Johnny Griffin TS   tk 2,6


Reviewby Scott Yanow
Trumpeter Roy Hargrove has the opportunity of a lifetime on this recording, sharing separate songs with five great tenors: Johnny Griffin, Joe Henderson, Branford Marsalis, Joshua Redman, and Stanley Turrentine. Everyone fares well, including Hargrove's group (Ron Blake on tenor and soprano, pianist Cyrus Chestnut, bassist Rodney Whitaker, and drummer Gregory Hutchinson). The young trumpeter (who is vying for Lee Morgan's unoccupied chair) keeps up with the saxophonists on this generally relaxed affair; recommended for hard bop fans.


            KENNY DORHAM
             Whistle Stop
               Recording Date:
                    January 15, 1961

                   Paul Chambers  B
                   Kenny Dorham   TP
                   Kenny Drew       P
                   Philly Joe Jones D
                   Hank Mobley     TS


Review by Scott Yanow
Kenny Dorham was always underrated throughout his career, not only as a trumpeter but as a composer. The CD reissue of Whistle Stop features seven of his compositions, none of which have been picked up by any of the "Young Lions" of the '90s despite their high quality and many fresh melodies. Dorham teams up with tenor-saxophonist Hank Mobley (who he had recorded with previously along with Art Blakey and Max Roach), pianist Kenny Drew, bassist Paul Chambers, and drummer Philly Joe Jones for a set of lively, fresh, and consistently swinging music. This is a generally overlooked near-classic set.


                COUNT BASIE
                I Told You So

                 Recording Date:
                    January 12-14, 1976

                    Count Basie     P
                    Jimmy Forrest TS
                    Freddie Green  G
                    John Duke        B
                     Butch Miles     D

                     Eric Dixon       S
                     Danny Turner  S
                     Bobby Plater   AS
                     Sonny Cohn    TP

Pete Minger     TP
Bobby Mitchell  TP
John Thomas   TP
Al Grey            TB
Curtis Fuller     TB
Mel Wanzo       TB

Bill Hughes       TB


I TOLD YOU SO is a collection of tunes by composer/arranger Bill Holman as performed by Count Basie and his Orchestra. Even though the album was recorded in 1976, toward the end of Basie's career, the energy and level of musicianship is high. Holman's compositions are lively and complex, as the opener, "Tree Frog," with its ever-escalating dialogue between brass and saxophones, aptly demonstrates.
Holman's ear for the nuances and deep bluesy feeling of Basie's orchestra rings through in songs like "Flirt," "Blues For Alphy," and "Plain Brown Wrapper," which features a tasty, intertwining piano vs. orchestra lines, with fine solos from saxophonist Jimmy Forrest and trombonist Al Grey. Holman's excellent songwriting and arranging skills combined with the top-drawer elegance and swing of Basie and his boys make this a thoroughly satisfying date.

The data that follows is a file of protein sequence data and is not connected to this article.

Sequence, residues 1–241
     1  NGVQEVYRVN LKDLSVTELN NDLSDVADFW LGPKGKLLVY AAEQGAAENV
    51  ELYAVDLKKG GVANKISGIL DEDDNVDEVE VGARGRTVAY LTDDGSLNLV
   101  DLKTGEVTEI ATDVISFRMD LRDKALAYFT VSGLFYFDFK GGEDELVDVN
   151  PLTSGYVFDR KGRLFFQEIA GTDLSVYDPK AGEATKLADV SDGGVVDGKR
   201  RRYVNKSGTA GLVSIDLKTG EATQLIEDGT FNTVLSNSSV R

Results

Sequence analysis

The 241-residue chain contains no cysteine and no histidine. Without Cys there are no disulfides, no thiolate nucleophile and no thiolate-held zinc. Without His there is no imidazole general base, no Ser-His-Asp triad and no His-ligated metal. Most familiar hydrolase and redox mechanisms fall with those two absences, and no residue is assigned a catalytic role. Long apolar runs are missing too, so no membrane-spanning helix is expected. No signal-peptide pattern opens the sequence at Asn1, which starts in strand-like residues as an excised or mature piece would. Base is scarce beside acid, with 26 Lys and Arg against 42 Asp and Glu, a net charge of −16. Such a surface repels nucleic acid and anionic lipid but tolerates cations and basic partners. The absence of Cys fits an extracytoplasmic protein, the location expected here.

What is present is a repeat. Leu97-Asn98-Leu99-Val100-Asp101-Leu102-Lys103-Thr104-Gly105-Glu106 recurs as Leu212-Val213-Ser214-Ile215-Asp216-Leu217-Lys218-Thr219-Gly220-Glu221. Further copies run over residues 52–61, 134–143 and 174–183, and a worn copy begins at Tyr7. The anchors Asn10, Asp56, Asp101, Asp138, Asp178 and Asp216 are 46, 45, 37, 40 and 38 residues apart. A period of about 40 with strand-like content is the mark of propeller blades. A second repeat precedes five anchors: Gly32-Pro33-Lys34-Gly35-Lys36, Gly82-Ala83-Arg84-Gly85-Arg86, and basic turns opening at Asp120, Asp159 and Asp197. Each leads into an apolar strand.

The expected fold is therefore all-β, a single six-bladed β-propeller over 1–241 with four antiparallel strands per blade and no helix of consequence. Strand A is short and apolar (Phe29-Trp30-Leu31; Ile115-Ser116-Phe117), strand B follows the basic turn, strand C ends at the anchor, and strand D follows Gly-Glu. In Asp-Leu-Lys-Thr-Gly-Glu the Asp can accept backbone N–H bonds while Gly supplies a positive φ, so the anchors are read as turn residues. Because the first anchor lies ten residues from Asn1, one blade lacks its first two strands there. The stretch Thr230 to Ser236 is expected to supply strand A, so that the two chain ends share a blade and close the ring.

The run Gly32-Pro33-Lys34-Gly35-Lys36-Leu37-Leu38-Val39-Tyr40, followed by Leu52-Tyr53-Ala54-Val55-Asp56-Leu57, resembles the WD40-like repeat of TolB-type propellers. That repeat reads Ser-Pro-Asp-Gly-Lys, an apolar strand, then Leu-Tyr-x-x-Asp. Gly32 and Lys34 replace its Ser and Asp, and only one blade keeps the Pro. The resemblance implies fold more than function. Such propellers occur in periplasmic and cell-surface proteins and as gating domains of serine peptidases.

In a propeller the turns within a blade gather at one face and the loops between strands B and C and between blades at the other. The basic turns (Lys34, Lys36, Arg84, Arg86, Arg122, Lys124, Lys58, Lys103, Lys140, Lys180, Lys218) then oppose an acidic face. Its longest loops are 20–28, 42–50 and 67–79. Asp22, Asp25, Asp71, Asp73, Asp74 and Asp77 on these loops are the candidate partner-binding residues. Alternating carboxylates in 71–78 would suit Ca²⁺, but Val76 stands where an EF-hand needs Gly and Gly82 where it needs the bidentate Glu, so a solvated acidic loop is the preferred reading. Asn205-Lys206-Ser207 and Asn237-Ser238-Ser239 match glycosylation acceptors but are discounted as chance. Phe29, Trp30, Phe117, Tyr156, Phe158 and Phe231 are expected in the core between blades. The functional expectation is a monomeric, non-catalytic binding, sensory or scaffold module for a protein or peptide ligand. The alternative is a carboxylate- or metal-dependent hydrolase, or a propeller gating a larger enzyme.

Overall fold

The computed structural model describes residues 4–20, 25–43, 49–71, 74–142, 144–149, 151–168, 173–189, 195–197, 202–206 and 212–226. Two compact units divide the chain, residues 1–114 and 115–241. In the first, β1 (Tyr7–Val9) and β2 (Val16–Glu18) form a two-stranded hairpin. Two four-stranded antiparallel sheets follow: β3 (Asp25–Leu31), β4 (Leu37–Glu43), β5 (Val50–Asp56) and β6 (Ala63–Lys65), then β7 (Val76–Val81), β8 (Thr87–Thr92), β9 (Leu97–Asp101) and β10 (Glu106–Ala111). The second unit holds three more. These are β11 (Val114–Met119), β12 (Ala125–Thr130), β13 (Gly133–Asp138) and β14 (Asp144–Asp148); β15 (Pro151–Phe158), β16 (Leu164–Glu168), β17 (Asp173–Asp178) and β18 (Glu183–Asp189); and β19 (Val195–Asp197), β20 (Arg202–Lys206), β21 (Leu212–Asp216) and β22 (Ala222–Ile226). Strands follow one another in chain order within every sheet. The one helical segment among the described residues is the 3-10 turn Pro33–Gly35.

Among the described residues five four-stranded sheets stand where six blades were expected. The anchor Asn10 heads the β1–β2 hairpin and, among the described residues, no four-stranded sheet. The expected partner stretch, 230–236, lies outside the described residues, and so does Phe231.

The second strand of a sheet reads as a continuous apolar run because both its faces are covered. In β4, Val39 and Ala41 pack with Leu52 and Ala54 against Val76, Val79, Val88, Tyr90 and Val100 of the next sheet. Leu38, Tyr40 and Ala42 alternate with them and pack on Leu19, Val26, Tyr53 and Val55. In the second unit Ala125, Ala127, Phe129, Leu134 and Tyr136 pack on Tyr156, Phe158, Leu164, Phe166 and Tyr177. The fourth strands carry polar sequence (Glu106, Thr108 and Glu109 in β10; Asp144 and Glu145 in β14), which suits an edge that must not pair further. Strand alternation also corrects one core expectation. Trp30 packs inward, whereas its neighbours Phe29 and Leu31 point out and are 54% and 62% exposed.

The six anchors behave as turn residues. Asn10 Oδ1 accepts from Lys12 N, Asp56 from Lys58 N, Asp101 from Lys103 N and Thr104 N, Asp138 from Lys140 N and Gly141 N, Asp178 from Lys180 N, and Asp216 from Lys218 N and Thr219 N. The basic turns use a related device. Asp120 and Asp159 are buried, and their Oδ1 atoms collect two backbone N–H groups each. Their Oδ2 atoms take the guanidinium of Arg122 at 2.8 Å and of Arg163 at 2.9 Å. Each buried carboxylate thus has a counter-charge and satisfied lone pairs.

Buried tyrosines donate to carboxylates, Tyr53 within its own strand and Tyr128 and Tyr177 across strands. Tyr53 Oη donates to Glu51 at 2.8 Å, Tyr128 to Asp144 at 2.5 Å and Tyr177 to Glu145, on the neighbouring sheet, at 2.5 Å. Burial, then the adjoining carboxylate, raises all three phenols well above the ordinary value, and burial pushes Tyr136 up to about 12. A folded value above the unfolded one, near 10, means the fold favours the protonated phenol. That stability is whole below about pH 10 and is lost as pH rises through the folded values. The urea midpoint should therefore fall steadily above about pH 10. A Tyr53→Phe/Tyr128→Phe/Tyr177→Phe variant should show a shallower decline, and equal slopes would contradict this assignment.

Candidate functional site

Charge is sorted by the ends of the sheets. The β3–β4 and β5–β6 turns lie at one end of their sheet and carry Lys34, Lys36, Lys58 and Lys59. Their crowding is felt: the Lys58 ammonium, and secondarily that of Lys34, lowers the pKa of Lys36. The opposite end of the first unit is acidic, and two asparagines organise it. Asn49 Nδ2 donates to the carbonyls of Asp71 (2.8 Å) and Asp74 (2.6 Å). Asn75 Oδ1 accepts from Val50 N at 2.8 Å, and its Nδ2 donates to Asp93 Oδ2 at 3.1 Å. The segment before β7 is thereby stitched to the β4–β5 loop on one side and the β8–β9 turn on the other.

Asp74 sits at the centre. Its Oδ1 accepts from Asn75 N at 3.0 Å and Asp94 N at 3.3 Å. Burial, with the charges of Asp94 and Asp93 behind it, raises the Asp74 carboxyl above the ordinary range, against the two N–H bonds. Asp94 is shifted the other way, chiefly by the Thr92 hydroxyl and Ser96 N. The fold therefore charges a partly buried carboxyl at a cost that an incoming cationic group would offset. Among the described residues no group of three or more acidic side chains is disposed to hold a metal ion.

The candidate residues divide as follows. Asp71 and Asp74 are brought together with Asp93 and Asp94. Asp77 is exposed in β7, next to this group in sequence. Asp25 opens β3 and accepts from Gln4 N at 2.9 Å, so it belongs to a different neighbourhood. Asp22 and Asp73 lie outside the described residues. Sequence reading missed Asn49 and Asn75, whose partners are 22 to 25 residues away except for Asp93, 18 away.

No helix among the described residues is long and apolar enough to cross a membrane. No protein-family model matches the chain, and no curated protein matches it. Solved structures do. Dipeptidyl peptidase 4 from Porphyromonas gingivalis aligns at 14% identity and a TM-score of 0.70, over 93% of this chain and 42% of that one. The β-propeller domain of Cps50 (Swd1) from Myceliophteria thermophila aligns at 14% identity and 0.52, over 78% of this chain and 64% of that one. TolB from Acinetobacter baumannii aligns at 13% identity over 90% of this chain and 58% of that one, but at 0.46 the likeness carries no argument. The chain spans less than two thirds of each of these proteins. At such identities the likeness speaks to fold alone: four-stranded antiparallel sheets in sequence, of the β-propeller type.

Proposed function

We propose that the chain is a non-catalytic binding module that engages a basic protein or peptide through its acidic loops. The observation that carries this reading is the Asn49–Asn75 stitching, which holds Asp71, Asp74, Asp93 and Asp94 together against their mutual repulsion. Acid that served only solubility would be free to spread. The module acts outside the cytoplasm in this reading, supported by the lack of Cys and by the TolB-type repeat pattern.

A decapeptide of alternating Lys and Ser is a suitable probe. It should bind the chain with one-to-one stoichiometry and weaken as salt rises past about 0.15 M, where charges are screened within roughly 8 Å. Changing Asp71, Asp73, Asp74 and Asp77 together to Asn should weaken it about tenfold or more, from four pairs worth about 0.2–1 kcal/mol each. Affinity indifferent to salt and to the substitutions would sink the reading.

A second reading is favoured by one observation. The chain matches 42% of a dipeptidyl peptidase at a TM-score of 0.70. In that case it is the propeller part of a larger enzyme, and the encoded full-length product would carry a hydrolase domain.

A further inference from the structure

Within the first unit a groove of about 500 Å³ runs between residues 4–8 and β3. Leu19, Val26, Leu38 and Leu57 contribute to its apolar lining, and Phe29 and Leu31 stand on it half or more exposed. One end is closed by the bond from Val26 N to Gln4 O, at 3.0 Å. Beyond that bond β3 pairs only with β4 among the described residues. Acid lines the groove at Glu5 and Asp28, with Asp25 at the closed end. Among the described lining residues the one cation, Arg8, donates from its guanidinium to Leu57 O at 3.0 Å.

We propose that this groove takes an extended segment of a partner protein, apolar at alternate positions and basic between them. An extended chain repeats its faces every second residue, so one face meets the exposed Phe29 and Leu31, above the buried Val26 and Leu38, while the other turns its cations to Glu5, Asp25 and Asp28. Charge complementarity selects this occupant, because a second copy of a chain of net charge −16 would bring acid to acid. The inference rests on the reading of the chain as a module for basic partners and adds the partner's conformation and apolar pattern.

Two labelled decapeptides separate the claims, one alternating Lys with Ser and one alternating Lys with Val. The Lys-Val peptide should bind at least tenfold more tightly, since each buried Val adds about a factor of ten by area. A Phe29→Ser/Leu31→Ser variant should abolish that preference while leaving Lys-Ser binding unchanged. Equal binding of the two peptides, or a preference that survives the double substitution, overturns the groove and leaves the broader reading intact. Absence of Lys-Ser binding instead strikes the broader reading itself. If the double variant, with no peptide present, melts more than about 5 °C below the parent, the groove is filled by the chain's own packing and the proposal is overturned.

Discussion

From CD Universe.
By Scott Yanow
This is one of Count Basie's best big-band studio recordings for Norman Granz during his Pablo years. The arrangements by Bill Holman are both challenging and swinging, containing enough surprises to make this session a real standout.


              LESTER YOUNG
              Pres and Teddy
               Recording Date: 
                    January 13, 1956

                    Jo Jones          D 
                    Gene Ramey    B 
                    Teddy Wilson   P
                     Lester Young  TS 


Review by Scott Yanow
Although it has been written much too often that Lester Young declined rapidly from the mid-'40s on, the truth is that when he was healthy, Young played at his very best during the '50s, adding an emotional intensity to his sound that had not been present during the more carefree days of the '30s. This classic session, a reunion with pianist Teddy Wilson and drummer Jo Jones (bassist Gene Ramey completes the quartet), finds the great tenor in particularly expressive form. His rendition of "Prisoner of Love" is quite haunting, the version of "All of Me" is also memorable, and all of the swing standards (which are joined by his original "Pres Returns") are well worth hearing. This date (which has been reissued on CD) was recorded the day after Young's other classic from his late period, Jazz Giants '56.


             Recording Date:
                  November 25, 1970 tk 1-4
                  January 12, 1970     tk 5-6

                     Pharoah Sanders       TS,FL,F,etc
                     Lonnie Liston Smith  P,Cym, etc
                     Cecil McBee               B
                     Roy Haynes               D
                     Nat Bettis                 Per
                     Chief Bey                  Per
                     Majid Shabazz           Per
                     Anthony Wiles           Per

Review by Steve Huey